Monday, February 19, 2007

Civil Disobedience

I'm pretty tired right now, so I doubt I'll develop any truly cohesive thoughts, but I am nevertheless in the mood to write. My reading lately is divided between too many avenues, but nevertheless, I find much of it thought-provoking. Most especially, I am very interested in what I read in "Civil Disobedience," by Henry David Thoreau. I've never read Thoreau before, though I've wanted to, always thought it would be a good idea. He has some interesting things to say about voting, which I think I like. I've gotten flak from some politically active americans for not taking much interest in elections, and though I do not quote the following to excuse my choices (such as not voting), for I do not look for excuses and I do not so far regret them, I do find what he has to say quite poignant. He talks about a respectable man who wishes to make a moral decision in his vote, but is not satisfied with the choices.

"He forthwith adopts one of the candidates thus selected as the only available one, thus proving that he is himself available for any purposes of the demagogue. His vote is of no more worth than that of any unprincipled foreigner or hireling native, who may have been bought. Oh for a man who is a man, and, as my neighbor says, has a bone in his back which you cannot pass your hand through!"

On some news show, I think on MSNBC, they were talking about Hilary Clinton. Some anti-war people, who arguably are in favor through most of the country, were arguing that Hilary should apologize for approving of the Iraq War in the beginning. I don't know that this has anything to do with the aforementioned quote, nor can I say why I find this interesting. The question on the show was whether she could win the presidency if she didn't apologize. But some were arguing that she probably would apologize, that it would raise more questions from the public and do more harm than good to her candidacy. If she apologizes, then what would we think of her? That she's wishy-washy? That she is swayed by the majority and doesn't follow her convictions? If she does not apologize, some may say she's a hypocrite, but many might not think it an issue.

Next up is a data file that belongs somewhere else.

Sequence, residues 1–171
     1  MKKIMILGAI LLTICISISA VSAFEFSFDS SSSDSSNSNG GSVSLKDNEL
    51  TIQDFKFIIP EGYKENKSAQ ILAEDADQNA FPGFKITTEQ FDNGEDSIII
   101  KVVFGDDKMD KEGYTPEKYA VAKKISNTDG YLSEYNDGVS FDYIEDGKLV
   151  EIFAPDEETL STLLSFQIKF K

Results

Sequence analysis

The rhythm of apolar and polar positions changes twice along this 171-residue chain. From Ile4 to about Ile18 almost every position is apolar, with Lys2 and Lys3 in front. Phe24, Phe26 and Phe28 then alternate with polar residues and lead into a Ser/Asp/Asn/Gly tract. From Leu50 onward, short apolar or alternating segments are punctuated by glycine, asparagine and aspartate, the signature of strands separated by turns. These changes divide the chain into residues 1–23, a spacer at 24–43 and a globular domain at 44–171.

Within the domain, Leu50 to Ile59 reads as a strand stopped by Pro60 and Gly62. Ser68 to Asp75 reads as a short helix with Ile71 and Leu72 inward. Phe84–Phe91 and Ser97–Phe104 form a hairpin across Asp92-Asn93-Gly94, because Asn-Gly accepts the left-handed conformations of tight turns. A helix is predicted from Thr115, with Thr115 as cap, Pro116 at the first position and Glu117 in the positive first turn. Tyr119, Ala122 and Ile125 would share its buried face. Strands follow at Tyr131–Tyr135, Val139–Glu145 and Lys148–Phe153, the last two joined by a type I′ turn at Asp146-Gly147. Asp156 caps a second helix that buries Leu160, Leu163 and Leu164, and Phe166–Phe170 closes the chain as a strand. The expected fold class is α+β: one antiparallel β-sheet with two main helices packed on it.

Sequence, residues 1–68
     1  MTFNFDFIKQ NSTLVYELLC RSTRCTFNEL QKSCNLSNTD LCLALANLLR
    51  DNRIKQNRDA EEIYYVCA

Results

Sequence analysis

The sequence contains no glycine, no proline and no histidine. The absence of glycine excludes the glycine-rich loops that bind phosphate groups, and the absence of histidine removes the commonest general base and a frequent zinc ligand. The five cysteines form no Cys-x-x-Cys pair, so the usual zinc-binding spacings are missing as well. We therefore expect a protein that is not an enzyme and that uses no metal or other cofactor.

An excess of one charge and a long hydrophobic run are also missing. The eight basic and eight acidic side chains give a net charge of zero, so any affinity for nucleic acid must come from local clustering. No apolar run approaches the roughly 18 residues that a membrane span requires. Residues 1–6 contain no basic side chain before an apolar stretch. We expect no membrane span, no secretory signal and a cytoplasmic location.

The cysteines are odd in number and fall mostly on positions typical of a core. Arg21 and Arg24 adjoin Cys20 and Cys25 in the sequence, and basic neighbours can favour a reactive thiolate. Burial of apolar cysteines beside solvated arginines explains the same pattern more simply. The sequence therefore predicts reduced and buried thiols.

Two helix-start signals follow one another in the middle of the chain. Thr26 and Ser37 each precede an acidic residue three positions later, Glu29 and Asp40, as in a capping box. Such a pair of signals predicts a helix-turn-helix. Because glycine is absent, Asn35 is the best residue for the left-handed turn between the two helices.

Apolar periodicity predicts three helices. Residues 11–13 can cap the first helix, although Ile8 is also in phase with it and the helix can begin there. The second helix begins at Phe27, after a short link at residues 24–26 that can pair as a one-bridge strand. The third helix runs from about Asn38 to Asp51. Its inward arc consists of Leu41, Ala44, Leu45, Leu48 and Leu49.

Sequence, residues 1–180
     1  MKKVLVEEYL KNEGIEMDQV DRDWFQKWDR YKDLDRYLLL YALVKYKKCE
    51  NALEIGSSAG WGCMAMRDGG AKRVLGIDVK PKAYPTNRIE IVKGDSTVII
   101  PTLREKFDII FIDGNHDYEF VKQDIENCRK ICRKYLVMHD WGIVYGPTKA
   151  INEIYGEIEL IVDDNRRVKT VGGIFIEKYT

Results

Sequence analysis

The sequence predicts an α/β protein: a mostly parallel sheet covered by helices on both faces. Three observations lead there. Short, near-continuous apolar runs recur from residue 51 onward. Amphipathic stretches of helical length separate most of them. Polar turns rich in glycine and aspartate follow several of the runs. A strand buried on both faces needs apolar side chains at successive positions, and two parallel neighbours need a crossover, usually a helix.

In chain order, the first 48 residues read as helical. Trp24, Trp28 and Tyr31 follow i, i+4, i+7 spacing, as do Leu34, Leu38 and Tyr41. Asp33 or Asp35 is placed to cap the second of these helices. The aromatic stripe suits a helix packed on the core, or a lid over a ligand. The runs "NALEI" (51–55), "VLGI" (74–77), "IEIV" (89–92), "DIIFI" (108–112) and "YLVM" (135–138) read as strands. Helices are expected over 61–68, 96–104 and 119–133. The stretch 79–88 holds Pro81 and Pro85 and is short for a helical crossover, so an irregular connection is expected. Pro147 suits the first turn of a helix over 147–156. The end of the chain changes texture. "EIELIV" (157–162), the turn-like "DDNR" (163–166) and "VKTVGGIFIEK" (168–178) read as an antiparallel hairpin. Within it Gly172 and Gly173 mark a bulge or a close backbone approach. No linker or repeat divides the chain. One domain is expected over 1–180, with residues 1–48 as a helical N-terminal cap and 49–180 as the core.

Anyway, I just found it interesting. And I find it interesting how so much of politics is about image and public opinion. Thoreau says something about majority rule that I found interesting. He talked about how everyone votes according to their morals and convitions, so to speak, but when the decision comes in against their assured convictions, they accept it as just, because it is the decision of the majority. We've been brought up now in a worldview that says that if the majority agrees, then it is just. Clearly, any thinking person is capable of discerning that this is not the case. The majority of Germany went along with Hitler, approved his actions, and followed his orders. Some conscientious men and women, who stood by their convictions, did what they could to resist, taking it upon themselves to break the law, by virtue of the fact that the law was unjust.

Like I said, there's little cohesion tonight, just a bunch of thoughts mulling around in my muddled brain. But I'm sure all of this is connected somehow and quite relevant. And I'm sure if my brain was clear and I had more knowledge of history and government, I would have a lot tosay on the matter. But for now, I will have to be content to simply ponder these musings, and perhaps others will have more to say on the topic of Civil Disobedience.

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